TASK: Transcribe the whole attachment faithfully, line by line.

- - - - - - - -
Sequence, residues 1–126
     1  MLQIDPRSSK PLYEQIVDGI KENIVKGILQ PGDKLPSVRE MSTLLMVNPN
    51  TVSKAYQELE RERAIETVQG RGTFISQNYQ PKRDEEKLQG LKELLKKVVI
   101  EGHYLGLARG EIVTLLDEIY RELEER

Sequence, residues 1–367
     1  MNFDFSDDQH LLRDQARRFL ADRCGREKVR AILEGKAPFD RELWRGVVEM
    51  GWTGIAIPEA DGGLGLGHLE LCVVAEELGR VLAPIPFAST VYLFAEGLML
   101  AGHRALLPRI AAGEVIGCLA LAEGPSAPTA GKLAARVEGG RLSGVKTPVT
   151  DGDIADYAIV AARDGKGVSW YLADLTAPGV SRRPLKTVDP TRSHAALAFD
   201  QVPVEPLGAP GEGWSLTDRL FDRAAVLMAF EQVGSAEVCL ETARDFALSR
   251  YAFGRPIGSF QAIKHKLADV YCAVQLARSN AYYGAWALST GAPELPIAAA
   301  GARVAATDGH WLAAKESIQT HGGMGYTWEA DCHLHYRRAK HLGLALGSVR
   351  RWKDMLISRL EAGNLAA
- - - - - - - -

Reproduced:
Sequence, residues 1–126
     1  MLQIDPRSSK PLYEQIVDGI KENIVKGILQ PGDKLPSVRE MSTLLMVNPN
    51  TVSKAYQELE RERAIETVQG RGTFISQNYQ PKRDEEKLQG LKELLKKVVI
   101  EGHYLGLARG EIVTLLDEIY RELEER

Sequence, residues 1–367
     1  MNFDFSDDQH LLRDQARRFL ADRCGREKVR AILEGKAPFD RELWRGVVEM
    51  GWTGIAIPEA DGGLGLGHLE LCVVAEELGR VLAPIPFAST VYLFAEGLML
   101  AGHRALLPRI AAGEVIGCLA LAEGPSAPTA GKLAARVEGG RLSGVKTPVT
   151  DGDIADYAIV AARDGKGVSW YLADLTAPGV SRRPLKTVDP TRSHAALAFD
   201  QVPVEPLGAP GEGWSLTDRL FDRAAVLMAF EQVGSAEVCL ETARDFALSR
   251  YAFGRPIGSF QAIKHKLADV YCAVQLARSN AYYGAWALST GAPELPIAAA
   301  GARVAATDGH WLAAKESIQT HGGMGYTWEA DCHLHYRRAK HLGLALGSVR
   351  RWKDMLISRL EAGNLAA